Background: As an immune modulator, vitamin D has been implicated in the Coronavirus disease-2019 (COVID-19) outcome. We aim to systematically explore the association of vitamin D serum levels with COVID-19 severity and prognosis.
Methods: The standardized mean difference (SMD) or odds ratio and 95% confidence interval (CI) were applied to estimate pooled results from seven studies. The prognostic performance of vitamin D serum levels for predicting adverse outcomes with detection of the best cutoff threshold was determined by ROC curve analysis. Decision tree analysis by combining vitamin D levels and clinical features was applied to predict severity in COVID-19 patients.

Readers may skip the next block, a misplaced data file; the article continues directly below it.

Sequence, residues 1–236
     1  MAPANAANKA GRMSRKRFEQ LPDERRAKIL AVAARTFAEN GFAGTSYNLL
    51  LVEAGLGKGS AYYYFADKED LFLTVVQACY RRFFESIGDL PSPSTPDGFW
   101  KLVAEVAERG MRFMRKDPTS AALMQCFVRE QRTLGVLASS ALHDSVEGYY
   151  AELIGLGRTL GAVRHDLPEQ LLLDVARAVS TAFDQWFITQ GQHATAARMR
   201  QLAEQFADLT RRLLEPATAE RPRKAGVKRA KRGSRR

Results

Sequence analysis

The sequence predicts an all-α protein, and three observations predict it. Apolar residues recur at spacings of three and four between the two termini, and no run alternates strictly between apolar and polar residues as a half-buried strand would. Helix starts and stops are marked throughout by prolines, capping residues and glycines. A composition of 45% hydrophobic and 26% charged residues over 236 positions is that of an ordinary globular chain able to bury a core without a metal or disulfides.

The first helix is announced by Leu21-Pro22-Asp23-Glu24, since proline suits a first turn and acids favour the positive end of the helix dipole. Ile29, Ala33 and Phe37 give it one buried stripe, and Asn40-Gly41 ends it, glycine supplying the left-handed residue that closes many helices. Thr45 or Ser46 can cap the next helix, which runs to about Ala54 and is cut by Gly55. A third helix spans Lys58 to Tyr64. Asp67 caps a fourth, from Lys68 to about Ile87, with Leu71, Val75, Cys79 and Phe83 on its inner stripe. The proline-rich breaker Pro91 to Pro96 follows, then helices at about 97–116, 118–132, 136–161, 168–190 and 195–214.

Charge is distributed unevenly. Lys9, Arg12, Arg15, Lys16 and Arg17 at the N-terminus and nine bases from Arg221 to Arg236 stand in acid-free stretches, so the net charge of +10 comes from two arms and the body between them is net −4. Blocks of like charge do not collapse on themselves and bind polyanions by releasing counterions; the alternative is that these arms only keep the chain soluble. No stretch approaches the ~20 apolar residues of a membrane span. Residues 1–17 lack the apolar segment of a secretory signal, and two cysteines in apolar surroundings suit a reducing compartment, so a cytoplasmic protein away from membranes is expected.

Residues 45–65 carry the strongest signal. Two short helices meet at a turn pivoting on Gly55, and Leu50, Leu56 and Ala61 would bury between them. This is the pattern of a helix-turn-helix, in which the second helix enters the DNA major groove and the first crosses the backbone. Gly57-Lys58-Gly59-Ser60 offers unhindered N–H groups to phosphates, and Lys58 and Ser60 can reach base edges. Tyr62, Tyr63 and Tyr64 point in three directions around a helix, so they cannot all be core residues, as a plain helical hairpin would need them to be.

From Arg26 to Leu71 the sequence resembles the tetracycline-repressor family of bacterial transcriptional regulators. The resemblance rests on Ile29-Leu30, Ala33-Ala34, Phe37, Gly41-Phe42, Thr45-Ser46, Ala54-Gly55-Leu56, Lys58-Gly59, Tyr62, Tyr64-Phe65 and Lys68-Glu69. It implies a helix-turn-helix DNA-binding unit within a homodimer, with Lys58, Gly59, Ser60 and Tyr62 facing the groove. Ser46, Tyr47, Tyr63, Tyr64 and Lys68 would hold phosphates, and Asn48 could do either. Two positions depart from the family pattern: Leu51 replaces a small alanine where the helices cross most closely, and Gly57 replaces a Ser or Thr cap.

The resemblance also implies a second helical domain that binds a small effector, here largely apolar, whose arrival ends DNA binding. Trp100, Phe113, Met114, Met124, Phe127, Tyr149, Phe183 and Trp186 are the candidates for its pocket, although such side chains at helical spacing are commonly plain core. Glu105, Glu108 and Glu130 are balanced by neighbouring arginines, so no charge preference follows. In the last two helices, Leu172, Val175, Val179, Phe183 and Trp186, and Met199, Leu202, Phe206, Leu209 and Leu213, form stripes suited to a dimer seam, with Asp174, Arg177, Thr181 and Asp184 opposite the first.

Results: Mean vitamin D serum level of 1,368 patients, was 22.9 nmol/L (21.9-23.8). Significant heterogeneity was found (I2 = 99.9%, P< 0.001). Patients with poor prognosis (N=634) had significantly lower serum levels of vitamin D compared to those with good prognosis (N=669), representing an adjusted standardized mean difference of -5.12 (95% Cl= -9.14 to -1.10, P = 0.012).
Conclusion: Serum vitamin D levels could be implicated in the COVID-19 prognosis. Diagnosis of vitamin D deficiency could be a helpful adjunct in assessing patients’ potential of developing severe COVID-19. Appropriate preventative and/or therapeutic intervention may improve COVID-19 outcomes.